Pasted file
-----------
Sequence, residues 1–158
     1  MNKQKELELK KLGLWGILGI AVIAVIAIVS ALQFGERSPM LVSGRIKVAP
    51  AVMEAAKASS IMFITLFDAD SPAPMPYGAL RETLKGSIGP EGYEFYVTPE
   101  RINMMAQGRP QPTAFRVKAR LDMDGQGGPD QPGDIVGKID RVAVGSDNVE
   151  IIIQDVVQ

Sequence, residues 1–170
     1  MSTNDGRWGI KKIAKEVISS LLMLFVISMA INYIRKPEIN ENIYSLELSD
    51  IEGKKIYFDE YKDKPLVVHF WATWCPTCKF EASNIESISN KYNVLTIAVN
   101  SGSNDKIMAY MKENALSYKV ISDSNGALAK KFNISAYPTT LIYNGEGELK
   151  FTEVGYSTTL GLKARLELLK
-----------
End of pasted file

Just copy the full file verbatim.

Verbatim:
Sequence, residues 1–158
     1  MNKQKELELK KLGLWGILGI AVIAVIAIVS ALQFGERSPM LVSGRIKVAP
    51  AVMEAAKASS IMFITLFDAD SPAPMPYGAL RETLKGSIGP EGYEFYVTPE
   101  RINMMAQGRP QPTAFRVKAR LDMDGQGGPD QPGDIVGKID RVAVGSDNVE
   151  IIIQDVVQ

Sequence, residues 1–170
     1  MSTNDGRWGI KKIAKEVISS LLMLFVISMA INYIRKPEIN ENIYSLELSD
    51  IEGKKIYFDE YKDKPLVVHF WATWCPTCKF EASNIESISN KYNVLTIAVN
   101  SGSNDKIMAY MKENALSYKV ISDSNGALAK KFNISAYPTT LIYNGEGELK
   151  FTEVGYSTTL GLKARLELLK